Your computer – be it desktop, laptop, tablet, or phone – is a wonderful device, full of shortcuts for the aspiring writer. In many ways, the computer far exceeds pen and paper. For example, when writing on paper, if the paper is lost, the story is lost. With the computer, a backup is at your fingertips.

Or is it? Do you save? Do you save often while typing? Do you backup on a schedule? Do you really understand backups?  This is a bird’s eye view of four ways to backup. For step-by-step backup procedures for your specific hardware and software, a web search is your best bet.

  1. Save Your Work. The first backup on any device and any application is the save button. If the device hiccups, the restore normally returns to the last time you saved. Loads of lovely prose can be lost if you forget to save often. Newer programs will auto-save if you set it up in preferences. The key is to turn it on.
  2. Short-term Backups. If you’re out and about, perhaps at a write-in, and have spent hours writing, back up your work to a flash drive before logging off. That way, if something happens on the way home, you still have the data on a flash drive. A flash drive is short-term. These drives allow you to write and overwrite documents as you see fit. Eventually, the drive will become corrupted from repetitive use, much like the cassette and VSH tapes of old. Disks are rarely used anymore but are a valid backup option if your device supports them. Disks have the same issues as a flash drive.
  3. External Hard Drives. This is a backup physically removed from your computer. An external hard drive is typically set to automatically back up your whole computer, or a portion of your computer, on a schedule you define, but you can also save as you go. As with any other option, external drives are hardware and can become corrupted.
  4. Cloud Backups. A solution presented by various sources. Some are free up to a certain amount, but many are offered as part of a subscription service. Unfortunately, the cloud is really an off-site hard drive, and they too can become corrupted, but these services should run multiple backups as they are a business. While I highly recommend using a cloud service, don’t depend solely upon the cloud. Also, keep in mind that hackers can break into the cloud drive and steal your stories and personal information.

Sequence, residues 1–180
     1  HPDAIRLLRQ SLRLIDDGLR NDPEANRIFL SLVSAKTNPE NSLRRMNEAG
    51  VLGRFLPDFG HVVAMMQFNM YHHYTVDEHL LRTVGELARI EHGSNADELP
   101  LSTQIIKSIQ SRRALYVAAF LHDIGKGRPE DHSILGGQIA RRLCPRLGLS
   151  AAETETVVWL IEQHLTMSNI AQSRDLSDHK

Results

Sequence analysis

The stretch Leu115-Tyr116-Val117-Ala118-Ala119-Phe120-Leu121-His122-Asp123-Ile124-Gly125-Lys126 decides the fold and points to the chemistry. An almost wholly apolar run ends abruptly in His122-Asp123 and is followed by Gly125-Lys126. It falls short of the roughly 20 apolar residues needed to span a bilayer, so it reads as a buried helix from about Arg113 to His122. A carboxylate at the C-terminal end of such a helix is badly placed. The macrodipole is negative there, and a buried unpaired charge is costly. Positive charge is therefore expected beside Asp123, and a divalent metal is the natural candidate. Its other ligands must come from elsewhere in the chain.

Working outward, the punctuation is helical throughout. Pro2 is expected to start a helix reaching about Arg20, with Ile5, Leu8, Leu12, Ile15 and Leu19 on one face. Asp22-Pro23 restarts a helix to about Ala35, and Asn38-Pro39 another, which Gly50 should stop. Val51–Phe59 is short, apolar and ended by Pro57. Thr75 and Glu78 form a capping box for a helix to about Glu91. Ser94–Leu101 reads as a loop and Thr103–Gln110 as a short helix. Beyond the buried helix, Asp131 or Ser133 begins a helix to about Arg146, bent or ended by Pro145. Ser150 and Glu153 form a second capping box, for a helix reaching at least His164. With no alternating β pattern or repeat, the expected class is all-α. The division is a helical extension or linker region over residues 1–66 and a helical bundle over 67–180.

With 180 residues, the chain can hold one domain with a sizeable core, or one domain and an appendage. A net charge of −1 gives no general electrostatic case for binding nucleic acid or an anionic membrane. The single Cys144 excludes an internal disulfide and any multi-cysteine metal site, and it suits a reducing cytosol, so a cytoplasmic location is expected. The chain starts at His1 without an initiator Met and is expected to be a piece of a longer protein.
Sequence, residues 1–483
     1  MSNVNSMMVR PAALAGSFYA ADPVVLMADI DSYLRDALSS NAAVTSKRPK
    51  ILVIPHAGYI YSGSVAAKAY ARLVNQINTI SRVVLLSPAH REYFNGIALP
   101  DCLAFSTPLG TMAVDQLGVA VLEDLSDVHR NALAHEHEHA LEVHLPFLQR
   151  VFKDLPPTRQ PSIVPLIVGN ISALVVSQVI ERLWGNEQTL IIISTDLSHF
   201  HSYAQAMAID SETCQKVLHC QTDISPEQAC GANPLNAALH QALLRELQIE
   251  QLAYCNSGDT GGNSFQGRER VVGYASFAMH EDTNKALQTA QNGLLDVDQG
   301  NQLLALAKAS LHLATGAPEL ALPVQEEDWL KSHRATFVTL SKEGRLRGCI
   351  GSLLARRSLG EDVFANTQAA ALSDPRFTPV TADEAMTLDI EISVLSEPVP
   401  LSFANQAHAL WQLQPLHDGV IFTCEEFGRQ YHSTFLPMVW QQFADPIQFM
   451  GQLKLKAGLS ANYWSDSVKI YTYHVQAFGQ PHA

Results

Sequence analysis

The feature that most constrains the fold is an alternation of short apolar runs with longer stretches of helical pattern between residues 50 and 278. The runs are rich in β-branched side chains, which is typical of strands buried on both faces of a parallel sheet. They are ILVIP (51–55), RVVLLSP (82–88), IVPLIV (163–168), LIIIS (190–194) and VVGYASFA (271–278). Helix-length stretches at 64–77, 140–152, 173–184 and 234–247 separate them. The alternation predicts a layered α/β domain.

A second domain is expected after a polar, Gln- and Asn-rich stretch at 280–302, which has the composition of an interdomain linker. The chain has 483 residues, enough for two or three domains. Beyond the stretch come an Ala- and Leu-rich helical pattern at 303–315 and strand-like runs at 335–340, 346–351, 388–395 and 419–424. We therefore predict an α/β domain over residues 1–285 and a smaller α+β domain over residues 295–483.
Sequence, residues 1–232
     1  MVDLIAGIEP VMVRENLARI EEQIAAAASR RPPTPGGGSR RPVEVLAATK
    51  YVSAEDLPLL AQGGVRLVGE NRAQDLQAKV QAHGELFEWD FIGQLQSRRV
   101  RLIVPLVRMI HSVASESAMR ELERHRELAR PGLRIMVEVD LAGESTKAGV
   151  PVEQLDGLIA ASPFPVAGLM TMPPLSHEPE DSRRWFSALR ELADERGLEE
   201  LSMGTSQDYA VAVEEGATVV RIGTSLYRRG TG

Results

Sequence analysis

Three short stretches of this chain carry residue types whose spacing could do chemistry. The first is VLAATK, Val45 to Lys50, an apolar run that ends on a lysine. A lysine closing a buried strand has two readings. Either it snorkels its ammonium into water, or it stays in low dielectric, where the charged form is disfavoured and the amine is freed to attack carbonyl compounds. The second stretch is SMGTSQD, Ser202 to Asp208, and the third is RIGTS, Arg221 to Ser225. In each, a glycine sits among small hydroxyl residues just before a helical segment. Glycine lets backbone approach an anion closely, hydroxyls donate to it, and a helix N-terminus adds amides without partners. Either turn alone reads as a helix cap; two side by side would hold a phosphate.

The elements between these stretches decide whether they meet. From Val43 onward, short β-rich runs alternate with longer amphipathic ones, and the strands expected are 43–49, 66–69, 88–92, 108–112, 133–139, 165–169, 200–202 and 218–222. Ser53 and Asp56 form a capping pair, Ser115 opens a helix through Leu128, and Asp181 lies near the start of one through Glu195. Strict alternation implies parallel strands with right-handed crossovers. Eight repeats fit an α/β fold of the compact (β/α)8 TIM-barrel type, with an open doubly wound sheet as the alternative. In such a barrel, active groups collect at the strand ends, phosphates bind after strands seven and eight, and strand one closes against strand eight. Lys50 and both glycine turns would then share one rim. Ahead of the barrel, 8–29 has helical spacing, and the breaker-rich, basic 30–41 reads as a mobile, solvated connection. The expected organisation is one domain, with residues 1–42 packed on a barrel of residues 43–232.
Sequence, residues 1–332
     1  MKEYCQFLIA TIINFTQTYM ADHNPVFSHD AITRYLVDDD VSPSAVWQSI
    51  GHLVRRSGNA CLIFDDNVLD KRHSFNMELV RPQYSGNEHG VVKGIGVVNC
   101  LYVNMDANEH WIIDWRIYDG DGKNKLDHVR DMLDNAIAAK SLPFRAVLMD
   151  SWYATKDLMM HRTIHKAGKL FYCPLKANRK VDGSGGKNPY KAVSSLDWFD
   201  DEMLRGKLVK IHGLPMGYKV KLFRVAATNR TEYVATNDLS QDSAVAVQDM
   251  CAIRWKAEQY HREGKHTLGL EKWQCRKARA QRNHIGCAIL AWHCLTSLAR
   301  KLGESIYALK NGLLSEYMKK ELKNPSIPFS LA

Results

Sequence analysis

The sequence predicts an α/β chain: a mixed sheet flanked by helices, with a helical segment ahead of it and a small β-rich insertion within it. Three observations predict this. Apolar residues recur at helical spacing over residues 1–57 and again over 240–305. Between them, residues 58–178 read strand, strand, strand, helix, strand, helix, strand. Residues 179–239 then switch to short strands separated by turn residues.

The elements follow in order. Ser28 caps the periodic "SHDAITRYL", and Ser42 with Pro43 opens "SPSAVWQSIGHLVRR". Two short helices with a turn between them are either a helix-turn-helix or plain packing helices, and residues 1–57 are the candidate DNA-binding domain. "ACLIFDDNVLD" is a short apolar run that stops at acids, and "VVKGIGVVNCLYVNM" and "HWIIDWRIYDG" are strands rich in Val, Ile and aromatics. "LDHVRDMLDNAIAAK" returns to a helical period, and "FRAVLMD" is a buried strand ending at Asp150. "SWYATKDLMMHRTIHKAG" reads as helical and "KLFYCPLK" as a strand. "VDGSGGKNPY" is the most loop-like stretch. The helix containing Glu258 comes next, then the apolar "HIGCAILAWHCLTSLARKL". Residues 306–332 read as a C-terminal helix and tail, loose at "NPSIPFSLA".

After review, it’s obvious all backup options have issues. What to do? One backup is not enough for important documents.

Using my process as an example:

  • Save Often. Make it a habit of hitting the save button frequently unless you have an auto-save function set up and working. Even then, verify the auto-save occurs because an operating system or application upgrade might turn off functions like auto-save.
  • Use a flash drive or other short-term device to back up when traveling or anytime significant writing has occurred. Hints:
    1. The first time the flash drive complains or behaves funny, it’s time to think about replacing it, but sometimes they don’t give a warning before crashing.
    2. Consider multiple flash drives for different functions, reducing the chance of all data disappearing at the same time. I have one for art, one for writing as NRTucker, one for guild files, and so on.
  • Schedule automatic computer backups to an external drive on a schedule that works for you. I do full backups once a week. For text documents, I have my MacBook Air and iMac slaved to each other so that any changes I make to one will save those changes on the other computer when I’m within my home network.
  • If you have access to cloud storage, use it. Google Documents, iCloud, and Microsoft Cloud are just a few useful resources. For my copyrighted materials, I password protect, but a good hacker will have no trouble breaking into my files. As with locks and keys, barriers keep honest people honest but only slow down a determined thief.

Using these four options, I have multiple locations where recovery is possible. If my MacBook Air dies, all documents are saved to my iMac, my weekly backup to an external drive is available, and the cloud contains some of my work. I also have a flash drive for short-term backups.

Can I still lose data? Sure, but I won’t lose much.